I remember the last week of classes at college. I was graduation with a B.A. in Communications and a minor is Music and Pastoral Ministries. I was in my last communications class for all of the Seniors. Everyone was sharing where they were going after graduation. Many had already secured jobs or were moving on to get their Masters. When it came around to me, I was at a lost. It seemed I was the only one moving on to this next phase of life without any direction.
After my trip to Israel, I returned back home to Lilburn GA to live with my parents. After a few weeks, my parents approached me and asked if I had a job and what my plans were. I knew I needed to find something but just didn’t know where and what to do. That Wednesday evening, at church, I ran into a college friend who invited me to go to work for his company. The company was TTE, Total Technical Excellence. It was a carpentry shop and they were building huge sets for studios and shows. He said all I needed was a hammer and a tape measure. So, I went out and bought both.
I arrived the next morning with my brand new hammer and tape measure which was bright neon orange. Needless to say, I was immediately laughed at and had my first real world interaction as the “new” guy who obviously had never done anything like this before. I was paired up with one of the master carpenters, Johnny Johnson. He immediately put me on the chop saw where I had to cut a huge stack into hundreds of 2x4s. They had to be perfect to the 1/16th. Too long and I had to redo. A long tedious job, but finally completed it with success.
I had several days like this and I was coming home complaining and hating my job. The sawdust was messing with my voice and I was now having difficulty singing and doing worship music. I remember one night my Aunt Kathleen was over at the house and she asked me about the job. I started to complain and she immediately stopped me. She gave me a pretty good rebuke about being grateful and thankful for what I had. I convicted by her words and knew she was right. That evening, I went and laid on the couch in the dining room. I closed my eyes and began to pray.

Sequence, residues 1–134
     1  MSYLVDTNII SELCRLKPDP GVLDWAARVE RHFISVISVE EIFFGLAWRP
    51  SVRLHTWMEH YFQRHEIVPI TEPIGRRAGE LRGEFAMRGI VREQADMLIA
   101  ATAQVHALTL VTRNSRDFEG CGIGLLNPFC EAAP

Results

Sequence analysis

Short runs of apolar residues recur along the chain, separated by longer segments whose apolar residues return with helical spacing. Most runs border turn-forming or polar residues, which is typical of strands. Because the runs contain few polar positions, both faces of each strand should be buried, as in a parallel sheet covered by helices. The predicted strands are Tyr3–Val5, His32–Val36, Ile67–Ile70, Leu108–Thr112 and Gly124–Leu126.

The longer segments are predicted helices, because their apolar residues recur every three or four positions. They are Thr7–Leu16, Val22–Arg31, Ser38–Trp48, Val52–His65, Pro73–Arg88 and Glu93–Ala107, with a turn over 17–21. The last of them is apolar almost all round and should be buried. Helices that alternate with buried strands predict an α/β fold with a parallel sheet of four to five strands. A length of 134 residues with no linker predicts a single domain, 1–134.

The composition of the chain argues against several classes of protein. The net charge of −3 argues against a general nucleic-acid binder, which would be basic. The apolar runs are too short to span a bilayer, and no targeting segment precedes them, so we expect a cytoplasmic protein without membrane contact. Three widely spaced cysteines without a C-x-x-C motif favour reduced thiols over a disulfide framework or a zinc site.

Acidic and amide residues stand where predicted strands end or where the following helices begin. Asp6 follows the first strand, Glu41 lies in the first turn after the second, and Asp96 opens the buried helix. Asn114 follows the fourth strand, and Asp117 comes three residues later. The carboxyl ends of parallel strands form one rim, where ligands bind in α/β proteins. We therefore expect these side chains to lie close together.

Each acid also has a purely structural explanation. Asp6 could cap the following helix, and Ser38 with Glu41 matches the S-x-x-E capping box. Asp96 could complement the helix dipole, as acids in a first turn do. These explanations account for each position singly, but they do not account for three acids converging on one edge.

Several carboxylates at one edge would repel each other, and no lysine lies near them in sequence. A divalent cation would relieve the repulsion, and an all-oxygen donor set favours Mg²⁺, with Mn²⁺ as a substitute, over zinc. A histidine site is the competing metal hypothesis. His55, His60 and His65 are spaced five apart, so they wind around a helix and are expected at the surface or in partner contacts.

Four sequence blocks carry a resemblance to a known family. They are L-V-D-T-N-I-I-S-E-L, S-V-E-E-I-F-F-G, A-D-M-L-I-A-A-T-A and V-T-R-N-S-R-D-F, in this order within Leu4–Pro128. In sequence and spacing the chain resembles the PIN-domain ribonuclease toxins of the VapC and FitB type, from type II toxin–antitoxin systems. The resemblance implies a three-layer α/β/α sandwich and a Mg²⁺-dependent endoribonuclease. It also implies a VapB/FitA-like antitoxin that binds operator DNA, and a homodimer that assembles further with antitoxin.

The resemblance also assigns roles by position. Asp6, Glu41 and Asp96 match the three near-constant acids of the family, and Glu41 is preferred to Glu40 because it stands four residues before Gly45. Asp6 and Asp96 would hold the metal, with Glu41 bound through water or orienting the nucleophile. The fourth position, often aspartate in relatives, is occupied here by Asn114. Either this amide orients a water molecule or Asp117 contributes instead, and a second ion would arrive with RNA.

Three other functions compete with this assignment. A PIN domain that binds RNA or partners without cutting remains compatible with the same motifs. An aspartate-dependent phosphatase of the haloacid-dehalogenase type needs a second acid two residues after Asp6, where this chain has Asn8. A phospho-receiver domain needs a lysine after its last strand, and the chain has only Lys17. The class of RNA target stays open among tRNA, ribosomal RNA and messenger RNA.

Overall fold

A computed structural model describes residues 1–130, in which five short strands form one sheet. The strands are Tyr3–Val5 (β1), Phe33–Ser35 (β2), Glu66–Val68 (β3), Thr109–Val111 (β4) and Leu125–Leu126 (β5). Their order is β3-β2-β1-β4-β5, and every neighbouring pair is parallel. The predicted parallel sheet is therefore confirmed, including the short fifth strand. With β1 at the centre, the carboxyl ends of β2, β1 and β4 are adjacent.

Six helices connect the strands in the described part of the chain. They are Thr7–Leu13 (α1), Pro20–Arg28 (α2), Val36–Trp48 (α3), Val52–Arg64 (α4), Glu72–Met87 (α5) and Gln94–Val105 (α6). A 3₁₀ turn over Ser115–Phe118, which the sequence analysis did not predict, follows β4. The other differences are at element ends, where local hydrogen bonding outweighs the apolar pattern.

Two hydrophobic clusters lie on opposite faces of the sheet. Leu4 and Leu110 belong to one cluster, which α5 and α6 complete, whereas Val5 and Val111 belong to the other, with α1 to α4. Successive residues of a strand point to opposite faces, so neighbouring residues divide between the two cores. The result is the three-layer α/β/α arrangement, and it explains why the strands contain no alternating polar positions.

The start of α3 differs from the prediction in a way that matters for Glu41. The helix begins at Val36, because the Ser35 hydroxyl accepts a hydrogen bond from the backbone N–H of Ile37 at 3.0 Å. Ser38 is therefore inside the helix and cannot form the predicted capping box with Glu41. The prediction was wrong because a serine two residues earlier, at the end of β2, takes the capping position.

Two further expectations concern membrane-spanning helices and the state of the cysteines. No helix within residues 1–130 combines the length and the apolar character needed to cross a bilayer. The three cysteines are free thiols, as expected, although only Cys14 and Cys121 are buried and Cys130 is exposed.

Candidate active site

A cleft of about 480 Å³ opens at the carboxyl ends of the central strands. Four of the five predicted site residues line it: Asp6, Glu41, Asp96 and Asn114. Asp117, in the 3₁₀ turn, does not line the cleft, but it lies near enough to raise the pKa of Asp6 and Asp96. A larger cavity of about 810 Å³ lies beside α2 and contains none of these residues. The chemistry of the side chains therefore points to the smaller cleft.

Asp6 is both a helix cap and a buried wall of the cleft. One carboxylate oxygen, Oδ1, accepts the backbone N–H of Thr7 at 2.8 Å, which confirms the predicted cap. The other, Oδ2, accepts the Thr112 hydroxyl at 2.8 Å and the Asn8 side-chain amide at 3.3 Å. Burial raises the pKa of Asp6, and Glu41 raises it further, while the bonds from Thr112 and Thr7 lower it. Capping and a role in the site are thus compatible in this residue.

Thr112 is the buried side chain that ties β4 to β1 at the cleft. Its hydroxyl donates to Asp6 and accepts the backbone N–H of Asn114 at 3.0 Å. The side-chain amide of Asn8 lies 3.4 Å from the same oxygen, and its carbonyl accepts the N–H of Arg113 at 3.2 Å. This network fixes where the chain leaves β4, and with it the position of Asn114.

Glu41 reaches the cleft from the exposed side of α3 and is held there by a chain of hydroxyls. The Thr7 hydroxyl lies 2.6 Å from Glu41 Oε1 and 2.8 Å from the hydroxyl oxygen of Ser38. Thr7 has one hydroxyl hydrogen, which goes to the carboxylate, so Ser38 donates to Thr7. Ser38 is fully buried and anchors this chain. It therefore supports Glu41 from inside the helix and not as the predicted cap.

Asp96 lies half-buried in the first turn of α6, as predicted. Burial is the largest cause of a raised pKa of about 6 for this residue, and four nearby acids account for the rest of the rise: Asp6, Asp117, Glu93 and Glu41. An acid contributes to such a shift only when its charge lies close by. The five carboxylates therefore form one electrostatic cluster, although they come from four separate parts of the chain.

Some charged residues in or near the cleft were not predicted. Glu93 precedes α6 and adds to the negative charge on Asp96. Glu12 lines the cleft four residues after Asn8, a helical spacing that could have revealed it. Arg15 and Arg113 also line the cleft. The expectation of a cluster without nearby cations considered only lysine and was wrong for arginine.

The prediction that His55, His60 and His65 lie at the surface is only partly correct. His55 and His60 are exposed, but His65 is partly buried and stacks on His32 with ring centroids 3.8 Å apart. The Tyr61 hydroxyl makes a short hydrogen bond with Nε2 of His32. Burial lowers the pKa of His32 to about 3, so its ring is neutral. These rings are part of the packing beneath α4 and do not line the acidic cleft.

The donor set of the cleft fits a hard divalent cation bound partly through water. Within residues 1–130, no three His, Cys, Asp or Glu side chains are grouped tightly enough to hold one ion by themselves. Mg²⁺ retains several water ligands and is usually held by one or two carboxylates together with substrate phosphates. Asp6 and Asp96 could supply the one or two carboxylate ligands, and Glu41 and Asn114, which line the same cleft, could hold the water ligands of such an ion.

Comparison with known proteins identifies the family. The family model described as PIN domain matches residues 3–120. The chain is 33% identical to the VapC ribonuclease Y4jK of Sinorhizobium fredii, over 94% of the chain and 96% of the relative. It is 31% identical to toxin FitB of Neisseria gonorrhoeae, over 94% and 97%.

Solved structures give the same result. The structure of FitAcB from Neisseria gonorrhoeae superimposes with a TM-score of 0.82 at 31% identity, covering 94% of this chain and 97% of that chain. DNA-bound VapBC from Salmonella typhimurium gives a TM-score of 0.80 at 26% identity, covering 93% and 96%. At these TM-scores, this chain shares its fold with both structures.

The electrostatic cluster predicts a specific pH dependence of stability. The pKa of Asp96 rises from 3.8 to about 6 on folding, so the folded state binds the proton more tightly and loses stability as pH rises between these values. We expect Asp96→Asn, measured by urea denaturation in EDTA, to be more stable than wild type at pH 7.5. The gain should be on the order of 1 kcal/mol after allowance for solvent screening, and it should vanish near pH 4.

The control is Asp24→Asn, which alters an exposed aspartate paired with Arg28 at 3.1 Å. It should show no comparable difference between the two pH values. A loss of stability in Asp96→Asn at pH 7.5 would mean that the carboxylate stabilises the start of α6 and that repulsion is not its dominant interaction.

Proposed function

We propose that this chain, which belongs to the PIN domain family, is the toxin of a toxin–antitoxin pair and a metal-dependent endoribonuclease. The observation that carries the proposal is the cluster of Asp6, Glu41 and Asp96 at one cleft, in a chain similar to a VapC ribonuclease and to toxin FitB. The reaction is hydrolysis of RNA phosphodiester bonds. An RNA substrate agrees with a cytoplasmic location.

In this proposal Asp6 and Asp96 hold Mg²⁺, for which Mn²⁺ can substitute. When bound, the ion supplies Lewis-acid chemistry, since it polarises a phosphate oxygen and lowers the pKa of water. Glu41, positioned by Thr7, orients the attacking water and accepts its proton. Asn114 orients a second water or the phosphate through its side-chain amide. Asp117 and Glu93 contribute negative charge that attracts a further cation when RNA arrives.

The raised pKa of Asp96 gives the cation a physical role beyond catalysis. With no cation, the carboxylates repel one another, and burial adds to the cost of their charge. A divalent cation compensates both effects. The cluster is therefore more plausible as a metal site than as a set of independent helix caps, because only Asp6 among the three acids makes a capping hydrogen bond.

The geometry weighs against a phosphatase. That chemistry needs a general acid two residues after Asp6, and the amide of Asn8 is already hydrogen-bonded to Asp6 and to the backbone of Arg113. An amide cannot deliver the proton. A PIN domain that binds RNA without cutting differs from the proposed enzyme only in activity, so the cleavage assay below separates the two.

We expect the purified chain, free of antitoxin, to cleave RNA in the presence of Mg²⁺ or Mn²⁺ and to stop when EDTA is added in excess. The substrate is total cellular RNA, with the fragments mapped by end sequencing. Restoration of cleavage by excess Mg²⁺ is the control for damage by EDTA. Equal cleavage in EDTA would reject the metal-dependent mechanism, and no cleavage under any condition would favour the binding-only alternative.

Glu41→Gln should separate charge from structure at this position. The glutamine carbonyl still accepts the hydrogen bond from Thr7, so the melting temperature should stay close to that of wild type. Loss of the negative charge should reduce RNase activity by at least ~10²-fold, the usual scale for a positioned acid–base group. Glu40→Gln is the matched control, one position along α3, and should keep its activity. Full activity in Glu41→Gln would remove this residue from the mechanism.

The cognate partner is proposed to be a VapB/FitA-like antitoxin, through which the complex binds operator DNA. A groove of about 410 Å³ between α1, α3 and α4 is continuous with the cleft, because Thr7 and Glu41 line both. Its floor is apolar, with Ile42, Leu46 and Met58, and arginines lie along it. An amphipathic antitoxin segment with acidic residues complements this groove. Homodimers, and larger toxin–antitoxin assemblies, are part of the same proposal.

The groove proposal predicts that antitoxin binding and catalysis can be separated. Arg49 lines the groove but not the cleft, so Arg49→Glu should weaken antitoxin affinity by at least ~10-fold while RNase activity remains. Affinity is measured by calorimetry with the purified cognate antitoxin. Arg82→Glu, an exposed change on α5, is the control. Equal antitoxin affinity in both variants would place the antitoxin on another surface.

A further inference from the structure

“Father, I am sorry for my attitude. I have not been grateful or thankful for the job You gave me. I am wrong. Help me to enjoy where I am at right now. If this is where you want me, then I will awake each morning with joy to do my job. Forgive me for complaining.”
Immediately, I felt a release of this heavy load and I was no longer regretting going to work. I got up the next morning with joy in my heart, strengthened by a new purpose. I arrived at the shop and started my routine. I was getting a hang of it all. After lunch, the head carpenter yelled at me and said I had a phone call. That is weird, I thought, No one knows I work here. I went to the office and picked up the phone. It was my oldest sister, Brenda. She asked me how work was. I told her it was good. She said that her office needed help in their file room and would like to know if I would like the job. I immediately said yes. I hung up the phone and walked up to the supervisor. I told him that my sister had just offered me a job at her company. I told him that I would stay with TTE and complete any projects I needed to. He laughed and said I was free to go the next day. Obviously, I was not desperately needed there. I finished the day and remember walking out to my car. I was marveling at how quickly the Lord changed the situation once my heart got right. It seemed to be a test of how quickly would I submit my heart to the Lord.
The next day I started at Paradyme. My job was to clean, catalog, and sort piles of client files. I hit the floor running. I was good at this. It didn’t take me long. Within a month or so, that room was spic and span. Everyone around the office and at home was saying I was working too fast and working myself out of a job. But, I was just doing my best and being really efficient about it.
Meanwhile, at the front of the office, the VPs were hiring an assistant. The lady came in and I saw her packing up her stuff and leaving the same day. I remember sticking my head into Laura’s office, the VP of HR, and jokingly said, “What happen to the new girl?”
“Apparently, she didn’t know how to use Word or Excel.” she laughed.
I immediately replied, “Why didn’t you guys ask me? I know how to do all of that stuff. If you need someone, I am available.”
We exchanged some dialog back and forth and she said that she would talk with the VP of Marketing and they would let me know.
The next morning I arrived early. The VP of Marketing was in his office and heard me come in the front door.
“Hey, Robbie. Come on in here.”
“Yes, sir. What can I do for you?”
“Robbie, Laura told me about the conversation you both had yesterday. You’ve done great work back in the file room. If you would like to be the assistant, the job is yours.”
I immediately promoted and held that position for the next year or so. I began doing the marketing presentations and spreadsheets for all of the VPs. In time, I was putting together the PowerPoint presentations for all of the executives, including the CEO.
I found great favor with everyone in the office and enjoyed my time there. A few years later, Paradyme was closing many of the southeastern offices. I made it through nearly every cut until the very end. It was great experience working there and I was now once again at a crossroads in my career.